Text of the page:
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Trump hasn’t talked about the Espionage Act. Instead, the Obama administration has used the draconian 1917 law to prosecute more leakers and whistleblowers than all previous administrations combined...
Because of Mr. Snowden, we now know that the listeners, in their aggressive effort to maintain the security of the United States by breaking anything that stands in the way of listening, undertook to do what they repeatedly promised respectable opinion in the trade they would never do.
Systematically, they attempted what they had once and for all promised many a time in the discreetest but most credible fashion to respectable opinion, which then carried their water for them throughout our world. They always said they would not attempt breaking the crypto which secures the global financial system.
That was false.
When, on September 6th, the New York Times re-entered the pursuit of journalism in this area so triumphantly, by revealing the existence of Bull Run, publishing Mr. Snowden's various disclosures concerning both the substance of Bull Run and the National Security Agency's discussions of it, we learned that the United States listeners had been systematically and deliberately trying to subvert the crypto that holds the international financial system together, for years. And we learned a good deal more—which we shall spend more time upon on another evening, considering carefully what we learned in this respect—we learned that their efforts had been so far only partially successful.
Within hours they had forfeited respectable opinion around the world, which had stood solidly in their corner all the way along. The recklessness of what they had done, and the danger to which it put the people in the world who don't accept danger from the United States Government, was breathtaking.
When the morality of freedom is so thoroughly thrown away, it isn't only the "little people" of the world who suffer, but they do. The empire of the United States, the one that secured itself by listening to everything, was the empire of exported liberty. What we had to offer all around the world was freedom—after colonization, after European theft, after the forms of twentieth-century horror we haven't even talked about yet—we offered liberty; we offered freedom.
In the twentieth century we were prepared to sacrifice many of the world's great cities, and to accept the sacrifice of tens of millions of human lives, in order to secure our selves against forms of government we called "totalitarianism," in which the State grew so powerful and so invasive that it recognized no longer any border of private life, and brought itself into everything that its subjects did. Where the State listened to every telephone conversation, and kept a list of everybody every troublemaker knew.
So let us unfortunately tell the truth as it appeared to the people who worked in the system: When the morality of freedom was withdrawn, our State began fastening the procedures of totalitarianism on the substance of democratic society.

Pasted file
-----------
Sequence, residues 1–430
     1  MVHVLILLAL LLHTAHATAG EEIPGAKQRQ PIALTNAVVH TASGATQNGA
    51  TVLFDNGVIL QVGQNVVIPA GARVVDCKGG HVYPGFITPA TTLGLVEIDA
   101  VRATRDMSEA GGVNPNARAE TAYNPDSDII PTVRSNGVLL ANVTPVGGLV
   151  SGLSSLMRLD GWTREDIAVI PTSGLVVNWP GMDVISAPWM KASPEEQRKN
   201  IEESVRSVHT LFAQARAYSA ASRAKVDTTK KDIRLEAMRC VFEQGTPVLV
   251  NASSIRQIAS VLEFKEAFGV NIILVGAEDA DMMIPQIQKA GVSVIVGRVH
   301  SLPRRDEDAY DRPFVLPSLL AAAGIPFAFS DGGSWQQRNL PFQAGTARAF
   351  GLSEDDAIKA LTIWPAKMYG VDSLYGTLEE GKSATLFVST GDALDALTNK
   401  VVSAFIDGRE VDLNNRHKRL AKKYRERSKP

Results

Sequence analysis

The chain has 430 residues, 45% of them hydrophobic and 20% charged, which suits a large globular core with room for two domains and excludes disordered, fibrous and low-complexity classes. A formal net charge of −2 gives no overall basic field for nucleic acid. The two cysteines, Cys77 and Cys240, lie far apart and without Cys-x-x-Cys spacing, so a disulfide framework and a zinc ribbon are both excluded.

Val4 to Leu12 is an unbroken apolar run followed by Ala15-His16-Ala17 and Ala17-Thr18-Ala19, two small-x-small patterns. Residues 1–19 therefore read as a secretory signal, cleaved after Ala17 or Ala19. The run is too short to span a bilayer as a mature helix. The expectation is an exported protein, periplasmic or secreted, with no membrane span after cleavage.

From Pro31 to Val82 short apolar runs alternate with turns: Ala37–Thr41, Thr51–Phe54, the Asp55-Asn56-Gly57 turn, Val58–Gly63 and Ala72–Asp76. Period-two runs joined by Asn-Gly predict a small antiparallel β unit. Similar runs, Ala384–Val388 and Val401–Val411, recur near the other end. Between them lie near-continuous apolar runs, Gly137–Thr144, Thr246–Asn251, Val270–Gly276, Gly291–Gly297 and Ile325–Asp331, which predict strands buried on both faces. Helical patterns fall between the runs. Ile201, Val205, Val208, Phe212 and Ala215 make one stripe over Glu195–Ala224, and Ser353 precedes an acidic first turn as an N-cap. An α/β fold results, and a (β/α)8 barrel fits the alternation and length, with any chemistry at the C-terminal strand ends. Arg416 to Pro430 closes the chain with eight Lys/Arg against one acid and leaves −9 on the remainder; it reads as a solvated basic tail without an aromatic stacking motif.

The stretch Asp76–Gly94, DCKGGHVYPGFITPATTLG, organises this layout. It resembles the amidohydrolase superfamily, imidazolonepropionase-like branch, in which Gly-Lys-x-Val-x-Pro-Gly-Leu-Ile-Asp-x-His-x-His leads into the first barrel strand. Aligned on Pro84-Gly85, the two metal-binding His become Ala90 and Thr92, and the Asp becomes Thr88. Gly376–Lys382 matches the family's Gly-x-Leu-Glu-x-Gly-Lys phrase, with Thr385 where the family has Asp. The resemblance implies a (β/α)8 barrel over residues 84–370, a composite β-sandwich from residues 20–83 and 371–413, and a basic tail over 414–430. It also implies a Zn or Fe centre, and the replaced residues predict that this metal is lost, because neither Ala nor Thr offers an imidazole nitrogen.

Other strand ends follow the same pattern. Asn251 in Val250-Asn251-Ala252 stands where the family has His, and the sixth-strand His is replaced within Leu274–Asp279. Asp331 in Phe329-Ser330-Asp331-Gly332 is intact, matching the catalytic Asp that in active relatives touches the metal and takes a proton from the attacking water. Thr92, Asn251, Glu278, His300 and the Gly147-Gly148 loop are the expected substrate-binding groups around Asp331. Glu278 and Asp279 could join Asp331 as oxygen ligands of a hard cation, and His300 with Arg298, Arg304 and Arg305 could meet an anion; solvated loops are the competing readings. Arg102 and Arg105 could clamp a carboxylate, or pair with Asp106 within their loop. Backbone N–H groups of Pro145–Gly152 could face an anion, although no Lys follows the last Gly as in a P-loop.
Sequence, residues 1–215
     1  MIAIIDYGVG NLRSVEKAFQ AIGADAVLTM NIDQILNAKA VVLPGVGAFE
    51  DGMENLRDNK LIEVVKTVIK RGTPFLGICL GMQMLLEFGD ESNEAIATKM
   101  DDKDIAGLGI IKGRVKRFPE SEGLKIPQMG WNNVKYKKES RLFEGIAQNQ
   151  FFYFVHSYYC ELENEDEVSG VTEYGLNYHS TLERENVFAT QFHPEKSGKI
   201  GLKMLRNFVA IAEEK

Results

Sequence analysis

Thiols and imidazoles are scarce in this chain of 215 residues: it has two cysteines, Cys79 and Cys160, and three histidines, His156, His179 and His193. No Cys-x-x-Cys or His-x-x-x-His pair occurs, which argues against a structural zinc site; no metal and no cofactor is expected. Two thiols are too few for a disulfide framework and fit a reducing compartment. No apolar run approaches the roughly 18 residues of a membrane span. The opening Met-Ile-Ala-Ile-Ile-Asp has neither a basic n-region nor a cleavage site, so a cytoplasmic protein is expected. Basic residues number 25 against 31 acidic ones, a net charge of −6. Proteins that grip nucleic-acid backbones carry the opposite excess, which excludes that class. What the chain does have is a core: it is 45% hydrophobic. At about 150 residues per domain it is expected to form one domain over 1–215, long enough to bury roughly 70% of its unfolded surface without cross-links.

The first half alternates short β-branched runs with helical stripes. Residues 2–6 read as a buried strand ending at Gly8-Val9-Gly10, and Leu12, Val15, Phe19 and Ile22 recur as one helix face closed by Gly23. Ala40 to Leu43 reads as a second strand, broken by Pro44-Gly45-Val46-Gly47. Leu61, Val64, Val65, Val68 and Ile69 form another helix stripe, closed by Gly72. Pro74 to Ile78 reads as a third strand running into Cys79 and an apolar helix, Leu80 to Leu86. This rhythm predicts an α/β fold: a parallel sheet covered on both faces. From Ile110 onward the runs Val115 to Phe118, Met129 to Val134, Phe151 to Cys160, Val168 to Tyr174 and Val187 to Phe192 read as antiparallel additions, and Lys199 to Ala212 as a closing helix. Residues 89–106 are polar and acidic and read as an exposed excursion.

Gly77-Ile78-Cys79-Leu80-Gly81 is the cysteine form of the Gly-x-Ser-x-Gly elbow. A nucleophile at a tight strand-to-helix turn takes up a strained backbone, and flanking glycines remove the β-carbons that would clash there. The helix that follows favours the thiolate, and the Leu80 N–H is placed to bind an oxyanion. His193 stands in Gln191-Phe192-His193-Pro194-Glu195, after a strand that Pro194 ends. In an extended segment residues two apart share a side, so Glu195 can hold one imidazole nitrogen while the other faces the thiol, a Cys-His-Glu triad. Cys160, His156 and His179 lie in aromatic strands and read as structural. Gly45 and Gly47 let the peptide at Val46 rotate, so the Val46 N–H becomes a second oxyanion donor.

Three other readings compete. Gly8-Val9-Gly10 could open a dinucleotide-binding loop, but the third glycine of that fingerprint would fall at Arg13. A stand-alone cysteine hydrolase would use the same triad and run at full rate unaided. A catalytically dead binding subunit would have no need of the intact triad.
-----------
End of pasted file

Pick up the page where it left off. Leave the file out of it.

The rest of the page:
There is no historical precedent for the proposition that the procedures of totalitarianism are compatible with the system of enlightened, individual, democratic self-governance. No one has ever previously in the history of the human race evolved an argument—and as I will show next time no argument can be evolved—that would give us any confidence in the ability of the procedures of totalitarianism to coexist with those of constitutional democratic self-governance. It is enough to say for now that omnipresent invasive listening creates fear. And I need not be Justice Brandeis to tell you that fear is the enemy of reasoned, ordered liberty.
..."This keeping of the whole population on the march seemed to be a senseless waste of time and energy. Only much later," adds Hermann Rauschning, "was there revealed in it a subtle intention based on a well-judged adjustment of ends and means. Marching diverts men's thoughts. Marching kills thought. Marching makes an end of individuality. Marching is the indispensable magic stroke performed in order to accustom the people to a mechanical, quasi-ritualistic activity until it becomes second nature."
From his point of view and at the level where he had chosen to do his dreadful work, Hitler was perfectly correct in his estimate of human nature. To those of us who look at men and women as individuals rather than as members of crowds, or of regimented collectives, he seems hideously wrong. In an age of accelerating over-population, of accelerating over-organization and ever more efficient means of mass communication, how can we preserve the integrity and reassert the value of the human individual? This is a question that can still be asked and perhaps effectively answered. A generation from now it may be too late to find an answer and perhaps impossible, in the stifling collective climate of that future time, even to ask the question.
It seems to me an inexorable march. I would suggest that the question might not just be forbidden but in light of general consciousness being developed by the dominant paradigm, virtually impossible to even formulate. The next generation will not even wonder what question we are talking about.
A generation from now it may be too late to find an answer and perhaps impossible, in the stifling collective climate of that future time, even to ask the question
I would suggest that the question might not just be forbidden but in light of general consciousness being developed by the dominant paradigm, virtually impossible to even formulate. The next generation will not even wonder what question we are talking about.